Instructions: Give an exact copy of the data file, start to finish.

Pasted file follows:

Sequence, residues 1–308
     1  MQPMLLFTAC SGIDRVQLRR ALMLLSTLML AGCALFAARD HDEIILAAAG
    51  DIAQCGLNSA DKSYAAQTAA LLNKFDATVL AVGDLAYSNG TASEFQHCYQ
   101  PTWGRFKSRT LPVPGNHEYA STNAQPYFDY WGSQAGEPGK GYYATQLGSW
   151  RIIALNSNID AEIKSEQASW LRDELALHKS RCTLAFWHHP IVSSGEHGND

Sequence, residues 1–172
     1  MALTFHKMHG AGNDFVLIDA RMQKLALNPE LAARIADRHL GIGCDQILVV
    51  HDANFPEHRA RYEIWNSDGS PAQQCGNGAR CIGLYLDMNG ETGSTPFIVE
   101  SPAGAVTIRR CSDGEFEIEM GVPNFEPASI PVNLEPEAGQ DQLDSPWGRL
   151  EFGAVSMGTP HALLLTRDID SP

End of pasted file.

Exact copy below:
Sequence, residues 1–308
     1  MQPMLLFTAC SGIDRVQLRR ALMLLSTLML AGCALFAARD HDEIILAAAG
    51  DIAQCGLNSA DKSYAAQTAA LLNKFDATVL AVGDLAYSNG TASEFQHCYQ
   101  PTWGRFKSRT LPVPGNHEYA STNAQPYFDY WGSQAGEPGK GYYATQLGSW
   151  RIIALNSNID AEIKSEQASW LRDELALHKS RCTLAFWHHP IVSSGEHGND

Sequence, residues 1–172
     1  MALTFHKMHG AGNDFVLIDA RMQKLALNPE LAARIADRHL GIGCDQILVV
    51  HDANFPEHRA RYEIWNSDGS PAQQCGNGAR CIGLYLDMNG ETGSTPFIVE
   101  SPAGAVTIRR CSDGEFEIEM GVPNFEPASI PVNLEPEAGQ DQLDSPWGRL
   151  EFGAVSMGTP HALLLTRDID SP